When the measurement constantly increases, there results an image as shown in FIG. 40. The indication then consists in a longish asymmetrical color spot 53, the center of which indicates the tendency of the measurement. The length and the color of the color surfaces indicate the rate of change of the measurement.
With a falling measurement there results essentially the same image, but the point which corresponds to the highest temperature lies on the other side of the color 5 ct.
When, finally, the measurement changes abruptly or has changed abruptly before the time of observation, there are formed two (or possibly more) color spots 54, 55 as shown in FIG. 4d.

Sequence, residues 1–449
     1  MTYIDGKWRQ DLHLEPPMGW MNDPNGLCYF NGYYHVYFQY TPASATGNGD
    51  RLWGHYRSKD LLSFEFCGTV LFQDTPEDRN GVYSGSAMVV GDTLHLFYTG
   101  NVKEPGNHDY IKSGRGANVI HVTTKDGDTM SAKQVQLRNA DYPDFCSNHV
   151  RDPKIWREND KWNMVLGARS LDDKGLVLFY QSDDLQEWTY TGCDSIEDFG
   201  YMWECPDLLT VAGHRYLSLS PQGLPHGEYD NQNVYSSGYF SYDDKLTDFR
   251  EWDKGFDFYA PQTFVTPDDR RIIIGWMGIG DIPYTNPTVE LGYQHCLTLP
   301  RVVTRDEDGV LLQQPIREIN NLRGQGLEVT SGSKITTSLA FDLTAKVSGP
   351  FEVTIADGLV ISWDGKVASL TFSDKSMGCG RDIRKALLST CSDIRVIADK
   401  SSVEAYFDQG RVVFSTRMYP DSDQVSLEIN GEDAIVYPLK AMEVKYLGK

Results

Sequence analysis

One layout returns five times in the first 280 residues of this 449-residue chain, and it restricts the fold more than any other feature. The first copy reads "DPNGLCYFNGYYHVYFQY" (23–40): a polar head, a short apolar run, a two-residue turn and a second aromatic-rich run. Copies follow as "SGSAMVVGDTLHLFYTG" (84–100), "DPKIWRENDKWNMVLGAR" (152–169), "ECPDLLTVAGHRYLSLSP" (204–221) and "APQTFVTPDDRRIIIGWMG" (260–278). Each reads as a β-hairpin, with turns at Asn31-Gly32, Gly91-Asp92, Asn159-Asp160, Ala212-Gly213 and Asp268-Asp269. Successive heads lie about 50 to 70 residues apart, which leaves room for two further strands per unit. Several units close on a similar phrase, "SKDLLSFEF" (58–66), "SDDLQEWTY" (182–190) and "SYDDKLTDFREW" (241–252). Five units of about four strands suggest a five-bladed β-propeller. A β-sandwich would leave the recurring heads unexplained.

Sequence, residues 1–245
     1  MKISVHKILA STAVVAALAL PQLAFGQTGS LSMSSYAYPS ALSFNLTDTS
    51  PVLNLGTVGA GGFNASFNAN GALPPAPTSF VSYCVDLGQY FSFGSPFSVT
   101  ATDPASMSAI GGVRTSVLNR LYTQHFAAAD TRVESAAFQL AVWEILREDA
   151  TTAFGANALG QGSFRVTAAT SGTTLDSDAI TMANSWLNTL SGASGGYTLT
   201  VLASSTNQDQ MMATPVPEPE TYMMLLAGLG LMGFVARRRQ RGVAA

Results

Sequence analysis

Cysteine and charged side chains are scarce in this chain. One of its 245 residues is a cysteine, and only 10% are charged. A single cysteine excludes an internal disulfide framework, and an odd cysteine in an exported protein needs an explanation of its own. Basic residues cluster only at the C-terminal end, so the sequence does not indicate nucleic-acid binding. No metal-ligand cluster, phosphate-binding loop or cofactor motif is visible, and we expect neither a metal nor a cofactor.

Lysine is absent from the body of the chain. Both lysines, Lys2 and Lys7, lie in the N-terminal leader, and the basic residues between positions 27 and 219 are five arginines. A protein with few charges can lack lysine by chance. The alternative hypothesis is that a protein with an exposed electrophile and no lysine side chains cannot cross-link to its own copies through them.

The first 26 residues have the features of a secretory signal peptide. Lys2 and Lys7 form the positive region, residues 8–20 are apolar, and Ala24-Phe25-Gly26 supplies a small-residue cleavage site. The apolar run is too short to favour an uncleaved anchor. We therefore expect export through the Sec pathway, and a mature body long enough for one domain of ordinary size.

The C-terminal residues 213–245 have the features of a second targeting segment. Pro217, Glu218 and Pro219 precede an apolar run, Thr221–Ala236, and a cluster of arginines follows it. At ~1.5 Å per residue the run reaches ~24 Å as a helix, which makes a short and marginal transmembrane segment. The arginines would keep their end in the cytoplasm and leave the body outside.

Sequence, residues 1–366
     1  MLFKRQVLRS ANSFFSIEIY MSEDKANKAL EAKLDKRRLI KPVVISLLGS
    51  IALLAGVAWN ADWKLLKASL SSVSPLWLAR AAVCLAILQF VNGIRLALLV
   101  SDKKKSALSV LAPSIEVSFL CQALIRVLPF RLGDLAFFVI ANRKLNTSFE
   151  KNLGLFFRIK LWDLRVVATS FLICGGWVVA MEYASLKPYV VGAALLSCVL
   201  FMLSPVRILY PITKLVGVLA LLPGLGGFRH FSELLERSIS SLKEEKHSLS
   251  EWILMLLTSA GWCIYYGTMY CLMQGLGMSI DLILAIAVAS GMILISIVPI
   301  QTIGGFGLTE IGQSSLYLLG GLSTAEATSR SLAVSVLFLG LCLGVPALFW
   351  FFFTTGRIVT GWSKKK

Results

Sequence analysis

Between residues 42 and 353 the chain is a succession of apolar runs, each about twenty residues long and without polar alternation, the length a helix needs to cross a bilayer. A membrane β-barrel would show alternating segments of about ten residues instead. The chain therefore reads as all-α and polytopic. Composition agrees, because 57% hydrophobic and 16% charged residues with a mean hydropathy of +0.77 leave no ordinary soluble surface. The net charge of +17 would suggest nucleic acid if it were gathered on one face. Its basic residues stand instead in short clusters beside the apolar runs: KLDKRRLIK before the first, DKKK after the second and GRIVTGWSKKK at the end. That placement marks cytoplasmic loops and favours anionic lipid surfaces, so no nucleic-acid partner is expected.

It has been found that the discernibility and differention of the differently shaped and colored indicator images is very good. Since the individual color images are very easily remembered, critical situations can be immediately comprehended, which is particularly valuable with systems for patient-monitoring in clinics, intensive care units or in an operating theatre. However, the rapid discernibility is also frequently of use with the indication of other than biological measurements.
The invention is clearly not limited to a mirror galvanometer. Furthermore, it is not only possible to heat the temperature-sensitive layer with infrared radiation. Two further embodiments of the present invention will now be described.